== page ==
The Gamecock goes digital
By Page Ivey, firstname.lastname@example.org, 803-777-3085
The Gamecock editor Jeff Rogers thought he had his photographers prepared to capture a once-in-a-lifetime moment – the implosion of a downtown Columbia hotel that had been home to University of South Carolina students for years.
“We had three photographers. We had scoped out angles from various locations in the city around the building,” Rogers says, recalling the summer of 1985. “The next day, the photo editor tells me we got nothing. All three cameras had failed to capture a single usable image.”
Rogers was faced with the disappointment of having to use an image from the local newspaper or the wire service, when a student walked in offering his images.
“I told him we didn’t have any money, but we’d give him credit,” Rogers says. “Looking back at that front page now, I see the credit’s not there. It must have fallen off in paste-up.”
Now everyone can see the work of hundreds of editors and thousands of reporters and writers who turned The Gamecock into a must-read for the student population for more than 100 years. The Gamecock’s archives dating back to 1908 are now online and searchable, giving an oddly digital feel to an analog world.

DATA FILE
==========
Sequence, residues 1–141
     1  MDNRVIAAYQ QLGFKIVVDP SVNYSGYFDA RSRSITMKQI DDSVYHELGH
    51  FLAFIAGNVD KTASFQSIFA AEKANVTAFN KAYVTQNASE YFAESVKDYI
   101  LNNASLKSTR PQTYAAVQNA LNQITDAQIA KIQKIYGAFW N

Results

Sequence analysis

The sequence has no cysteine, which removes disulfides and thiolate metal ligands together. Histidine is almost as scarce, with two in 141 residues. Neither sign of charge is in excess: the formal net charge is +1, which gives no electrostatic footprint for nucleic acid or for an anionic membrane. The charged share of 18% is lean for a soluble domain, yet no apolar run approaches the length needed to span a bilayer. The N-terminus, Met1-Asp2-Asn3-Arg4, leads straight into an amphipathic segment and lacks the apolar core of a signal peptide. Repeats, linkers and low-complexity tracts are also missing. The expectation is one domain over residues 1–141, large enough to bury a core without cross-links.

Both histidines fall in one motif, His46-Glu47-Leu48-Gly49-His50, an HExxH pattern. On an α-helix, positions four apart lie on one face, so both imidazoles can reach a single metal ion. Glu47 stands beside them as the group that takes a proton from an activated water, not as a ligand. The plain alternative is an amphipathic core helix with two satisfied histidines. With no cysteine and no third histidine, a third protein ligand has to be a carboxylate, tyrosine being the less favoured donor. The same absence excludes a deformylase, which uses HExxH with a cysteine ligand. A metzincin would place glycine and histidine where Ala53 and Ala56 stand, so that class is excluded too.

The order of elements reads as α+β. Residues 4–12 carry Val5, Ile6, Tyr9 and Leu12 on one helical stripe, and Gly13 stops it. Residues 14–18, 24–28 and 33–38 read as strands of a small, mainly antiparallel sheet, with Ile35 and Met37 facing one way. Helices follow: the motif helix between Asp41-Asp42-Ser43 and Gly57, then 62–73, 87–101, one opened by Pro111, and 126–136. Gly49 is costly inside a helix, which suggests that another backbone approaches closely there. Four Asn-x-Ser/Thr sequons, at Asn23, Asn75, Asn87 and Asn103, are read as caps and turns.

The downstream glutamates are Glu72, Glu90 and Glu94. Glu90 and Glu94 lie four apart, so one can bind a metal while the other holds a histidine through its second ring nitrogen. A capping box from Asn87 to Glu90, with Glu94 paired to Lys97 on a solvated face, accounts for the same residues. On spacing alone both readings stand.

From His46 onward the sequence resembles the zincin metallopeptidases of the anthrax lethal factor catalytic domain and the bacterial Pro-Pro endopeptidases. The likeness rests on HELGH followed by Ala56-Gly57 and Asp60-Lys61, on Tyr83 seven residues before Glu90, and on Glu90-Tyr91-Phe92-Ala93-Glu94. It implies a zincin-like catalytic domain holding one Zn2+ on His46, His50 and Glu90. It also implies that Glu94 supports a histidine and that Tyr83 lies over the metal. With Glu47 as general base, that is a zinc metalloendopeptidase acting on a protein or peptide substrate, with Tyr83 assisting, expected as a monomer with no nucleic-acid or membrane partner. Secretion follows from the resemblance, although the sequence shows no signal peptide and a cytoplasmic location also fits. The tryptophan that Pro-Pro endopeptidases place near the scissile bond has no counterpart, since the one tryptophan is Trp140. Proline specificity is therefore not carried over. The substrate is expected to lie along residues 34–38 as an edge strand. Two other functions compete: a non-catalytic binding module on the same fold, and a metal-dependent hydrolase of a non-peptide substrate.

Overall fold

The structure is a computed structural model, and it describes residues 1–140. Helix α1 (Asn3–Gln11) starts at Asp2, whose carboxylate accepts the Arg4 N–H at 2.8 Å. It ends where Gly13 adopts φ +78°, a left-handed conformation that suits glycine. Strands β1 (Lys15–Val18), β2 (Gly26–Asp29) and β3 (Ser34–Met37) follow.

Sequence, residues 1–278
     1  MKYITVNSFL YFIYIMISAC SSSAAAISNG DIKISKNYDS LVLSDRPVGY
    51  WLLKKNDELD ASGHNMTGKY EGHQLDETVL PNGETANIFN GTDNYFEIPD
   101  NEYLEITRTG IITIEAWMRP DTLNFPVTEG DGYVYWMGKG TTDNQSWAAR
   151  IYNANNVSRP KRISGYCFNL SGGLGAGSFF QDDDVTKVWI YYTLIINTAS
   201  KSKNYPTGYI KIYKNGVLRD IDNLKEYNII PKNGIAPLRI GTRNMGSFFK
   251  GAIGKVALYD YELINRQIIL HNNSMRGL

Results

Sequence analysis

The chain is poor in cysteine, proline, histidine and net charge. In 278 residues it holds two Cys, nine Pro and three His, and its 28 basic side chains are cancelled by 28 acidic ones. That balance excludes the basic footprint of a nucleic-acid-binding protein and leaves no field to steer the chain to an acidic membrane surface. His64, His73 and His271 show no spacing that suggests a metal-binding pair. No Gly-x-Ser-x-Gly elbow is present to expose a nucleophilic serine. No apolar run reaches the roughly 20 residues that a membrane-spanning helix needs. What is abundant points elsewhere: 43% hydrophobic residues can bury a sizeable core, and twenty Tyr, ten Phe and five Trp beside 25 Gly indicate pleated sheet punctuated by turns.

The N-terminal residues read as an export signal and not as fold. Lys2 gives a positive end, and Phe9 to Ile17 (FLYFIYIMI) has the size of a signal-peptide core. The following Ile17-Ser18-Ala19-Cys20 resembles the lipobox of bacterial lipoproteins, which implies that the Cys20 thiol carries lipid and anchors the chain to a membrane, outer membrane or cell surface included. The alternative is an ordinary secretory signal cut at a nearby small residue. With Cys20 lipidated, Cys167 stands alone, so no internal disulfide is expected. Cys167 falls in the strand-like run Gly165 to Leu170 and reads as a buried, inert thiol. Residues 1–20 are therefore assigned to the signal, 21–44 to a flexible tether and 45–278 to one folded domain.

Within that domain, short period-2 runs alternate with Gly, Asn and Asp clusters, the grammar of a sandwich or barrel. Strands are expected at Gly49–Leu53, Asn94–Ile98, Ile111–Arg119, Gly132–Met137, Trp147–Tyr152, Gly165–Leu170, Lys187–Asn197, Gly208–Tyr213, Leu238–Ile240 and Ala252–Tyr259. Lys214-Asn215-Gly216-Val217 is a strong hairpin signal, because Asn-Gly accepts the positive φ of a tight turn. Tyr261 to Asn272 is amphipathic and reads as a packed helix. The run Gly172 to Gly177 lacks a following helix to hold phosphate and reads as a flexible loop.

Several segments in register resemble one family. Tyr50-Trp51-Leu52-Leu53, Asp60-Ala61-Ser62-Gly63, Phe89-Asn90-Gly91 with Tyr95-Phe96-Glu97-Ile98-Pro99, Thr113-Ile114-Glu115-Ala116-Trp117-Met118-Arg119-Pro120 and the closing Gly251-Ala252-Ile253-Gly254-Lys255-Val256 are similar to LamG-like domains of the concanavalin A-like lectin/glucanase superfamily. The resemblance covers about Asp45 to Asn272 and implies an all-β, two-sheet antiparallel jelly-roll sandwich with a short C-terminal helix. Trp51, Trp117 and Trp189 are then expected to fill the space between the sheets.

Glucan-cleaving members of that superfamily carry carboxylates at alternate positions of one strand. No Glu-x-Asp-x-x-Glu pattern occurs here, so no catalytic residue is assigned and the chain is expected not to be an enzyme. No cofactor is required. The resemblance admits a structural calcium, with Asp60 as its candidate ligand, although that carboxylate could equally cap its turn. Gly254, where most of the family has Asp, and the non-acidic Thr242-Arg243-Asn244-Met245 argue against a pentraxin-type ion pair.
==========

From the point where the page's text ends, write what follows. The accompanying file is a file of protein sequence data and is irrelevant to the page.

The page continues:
“The Gamecock is used heavily by researchers and students alike because it is such a great resource on documenting what’s been going on at the university since 1908,” says Elizabeth Cassidy West, university archivist. “The keyword search capability of the new digital archive is fantastic. I’ve already been using it. I regularly get calls from faculty, students and alumni who want to know about something that happened on campus at some point in history. Now I can have an answer for them very quickly.”
That sort of ready access to information was not even a thought when Sig Huitt was the editor-in-chief in 1966.
“There was no Internet, no cell phones, no instant messaging,” said Huitt, a public relations professional who was the university’s spokesman from 1968 to 1976. “We were the students’ primary source of information.”
Huitt looks back fondly on his time at The Gamecock.
“I joined the staff the very first night I was on campus,” he says. “I was interested in journalism and had done the high school journalism route. I remember standing outside the door trying to get the nerve up to go in as a beginning freshman.
“I went in and they gave me an assignment to cover fraternity rush and I got a page one byline my first week on campus. That sort of gets you started.”
Huitt’s Gamecock was a weekly, Rogers’ Gamecock was weekly during the summer, but had gone to three times a week during the school year.
Jackie Alexander ran The Daily Gamecock for the 2007-08 academic year under the watchful eye of student media director Scott Lindenberg.
“I loved every minute of it,” Alexander says. “My time at The Daily Gamecock was so important to me that I knew when I graduated that, while I wanted a reporter, eventually I would find myself back working with student media groups.”
After three years as a newspaper reporter, Alexander joined the staff at Clemson University as associate director of student media.
Start searching past issues at The Daily Gamecock's archives page.
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